Rogers--congratulations. Any advisory board appointment is noteworthy, whether it's a local civic traffic board for a city council or one advocating the wider use of a syndication format.
All that are of the Atom/RSS fight brigade: Please go play somewhere else. Atom and RSS both have a place. Atom can be a higher end API and syndication format (and a dessert topping for those who remember SNL's early days) and RSS can be a simple syndication format.
I like to compare the two with the 2.4GHz spectrum. The FCC licensed it for experimental use and we got 802.11 wireless network connections (or RSS in my analogy). There still exist licensed microwave bands for people who need something else either more restrictive or more robust (Atom).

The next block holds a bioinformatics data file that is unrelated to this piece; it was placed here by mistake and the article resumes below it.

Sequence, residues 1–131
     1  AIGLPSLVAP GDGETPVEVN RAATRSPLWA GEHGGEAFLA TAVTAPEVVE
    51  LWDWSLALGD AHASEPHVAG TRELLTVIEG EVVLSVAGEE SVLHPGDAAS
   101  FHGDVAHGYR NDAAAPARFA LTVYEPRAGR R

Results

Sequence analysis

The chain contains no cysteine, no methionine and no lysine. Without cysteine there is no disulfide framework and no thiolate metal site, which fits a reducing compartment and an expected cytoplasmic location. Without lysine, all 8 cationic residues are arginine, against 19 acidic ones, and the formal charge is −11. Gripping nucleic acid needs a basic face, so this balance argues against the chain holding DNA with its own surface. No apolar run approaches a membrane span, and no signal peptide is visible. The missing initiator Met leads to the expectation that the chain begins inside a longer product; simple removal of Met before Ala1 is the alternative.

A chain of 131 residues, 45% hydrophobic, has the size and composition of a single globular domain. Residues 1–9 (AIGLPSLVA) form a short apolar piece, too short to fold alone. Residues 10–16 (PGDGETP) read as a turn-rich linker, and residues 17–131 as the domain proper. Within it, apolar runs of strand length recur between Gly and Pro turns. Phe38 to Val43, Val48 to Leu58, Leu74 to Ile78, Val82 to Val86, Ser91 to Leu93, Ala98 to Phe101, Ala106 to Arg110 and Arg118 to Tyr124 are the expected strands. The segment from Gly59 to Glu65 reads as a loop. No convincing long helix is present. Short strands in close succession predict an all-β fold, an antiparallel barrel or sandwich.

I like RSS for now. I might like Atom later. But lets not kill *either one* by running over them with a semi-truck full of hate and discontent.
Please? Is this all that intelligent people can do together is fight? Rogers has made great attempts in this thread to keep it civil--thanks.
I have hand coded XSL Transforms for both RSS 2.0, & Atom. I did not find Atom any more difficult than RSS to generate and I've learned to do this for both formats simply by reading their specs and looking at example feeds. Both of the feeds I generate validate easily. I am currently generating both since not all feed readers support Atom yet. I do like, that Atom clears up the problem of including html with in the content, where RSS official spec doesn't support that. Many feed readers do seem to support the xhtml:body element in RSS though.
I'll probably move to Atom alone because I like the way you can specify the format of the content with in the feed. IE text/html/xml ...